Cicero serves in the army in the Social War under Gnaeus Pompeius Strabo, father of Pompey the Great.
Studies law under Quintus Mucius Scaevola and Scaevola’s cousin of the same name.
Cicero has his first case, Pro Quinctio, starting his career as a successful lawyer.
Marries Terentia. They have two children, Tullia (b. c.78) and Marcus Tullius Cicero (b. 65).
Successfully defends Sextus Roscius Amerinus against a charge of parricide.
Travels to Greece and the eastern Mediterranean.
Cicero is elected as a Quaestor - he now qualifies to sit in the senate, meaning he has much more power and influence.
Cicero successfully prosecutes Verres for extortion, and conducts the case brilliantly, making himself famous among the law courts of Rome.
He is made Aedile because of his great skill as an orator, which makes him excellent at convincing the public to vote for him.
He is made praetor and delivers De Imperio Gn. Pompei, a speech supporting the transfer of the command to Pompey. Cicero then foregoes the governship of a province for the upcoming election of the consuls.
He is elected consul, with Gaius Antonius, whose consent Cicero buys by yielding to him the governorship of Macedonia for the following year. Cicero delivers Pro Murena, in defense of one of the consuls for 62 who had been accused by Cato of rigging the polls.
Clodius is tribune of the people and declares Cicero an exile for dismissal of Roman citizenship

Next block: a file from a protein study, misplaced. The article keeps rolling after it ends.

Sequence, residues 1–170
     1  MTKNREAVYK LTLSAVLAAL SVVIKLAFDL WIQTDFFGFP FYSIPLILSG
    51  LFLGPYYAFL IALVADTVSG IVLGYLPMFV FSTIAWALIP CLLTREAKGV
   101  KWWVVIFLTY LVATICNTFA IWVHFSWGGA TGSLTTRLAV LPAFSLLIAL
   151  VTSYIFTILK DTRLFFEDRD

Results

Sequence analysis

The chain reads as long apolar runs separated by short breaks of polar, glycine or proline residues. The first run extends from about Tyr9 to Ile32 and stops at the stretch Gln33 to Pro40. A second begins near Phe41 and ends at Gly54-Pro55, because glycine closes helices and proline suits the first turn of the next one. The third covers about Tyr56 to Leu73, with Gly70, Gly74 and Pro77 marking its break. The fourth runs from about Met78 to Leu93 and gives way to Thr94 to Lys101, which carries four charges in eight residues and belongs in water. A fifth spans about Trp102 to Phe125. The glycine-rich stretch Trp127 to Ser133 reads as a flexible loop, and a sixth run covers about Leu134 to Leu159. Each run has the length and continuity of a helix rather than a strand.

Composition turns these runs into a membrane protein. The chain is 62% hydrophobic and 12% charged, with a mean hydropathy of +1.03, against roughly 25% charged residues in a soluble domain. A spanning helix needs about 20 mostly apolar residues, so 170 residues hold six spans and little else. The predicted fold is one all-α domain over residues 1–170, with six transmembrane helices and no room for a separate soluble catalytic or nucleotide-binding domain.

Renewal of “First Triumvirate”. Cicero delivers in the senate the speech De Provinciis Consularibus, in favour of Caesar.
Tullia marries Furius Crassipes. Cicero publishes De Oratore, on rhetoric, and In Pisonem, a dangerous speech because it attacked Calpurnius Piso, Caesar’s father-in-law.
Cicero publishes De Re Publica (On the Republic) and is governor of Cilicia from summer 51 to summer 50.
Tullia, against her father’s judgment, decides to remarry Cornelius Dolabella.
Caesar crosses the Rubicon on the 11th January causing the beginning of a civil war. After a personal meeting with Caesar on the 28th March, Cicero decides not to attend the session of the senate which Caesar has called in Rome, and subsequently joins the camp of Pompey in Greece – aggravating Caesar.
Pompey is defeated, and therefore murdered, so Caesar is appointed dictator. In October Cicero returns to Italy, but unfortunately on the orders of Mark Antony can go no farther than Brundisium.
In September he meets Caesar, who gives him permission to go where he likes.
Cato commits suicide, and Cicero writes an eloquent tribute. Caesar’s rebuttal to this, Anticato, strives unsuccessfully to tarnish Cato’s name. Cicero then divorces Terentia and marries Publilia, a teenager with money who is his ward.
Cicero’s writings of this period include Brutus, a dialogue on orators and oratory, Consolatio, on the deaths of great men, Academica, on the philosophical doctrines of the Greek Academy, Tusculanae Disputationes, on happiness, De Natura Deorum, on the gods, De Fato (On Destiny), and the essays De Senectute (On Old Age), De Amicitia (On Friendship), and De Officiis (On Duty).
Cicero’s daughter dies and Cicero divorces Publilia, shortly after their marriage.
Cicero delivers his “Philippics” against Mark Antony – damning and condemning him.
Second Triumvirate orders the death of Cicero and he is executed.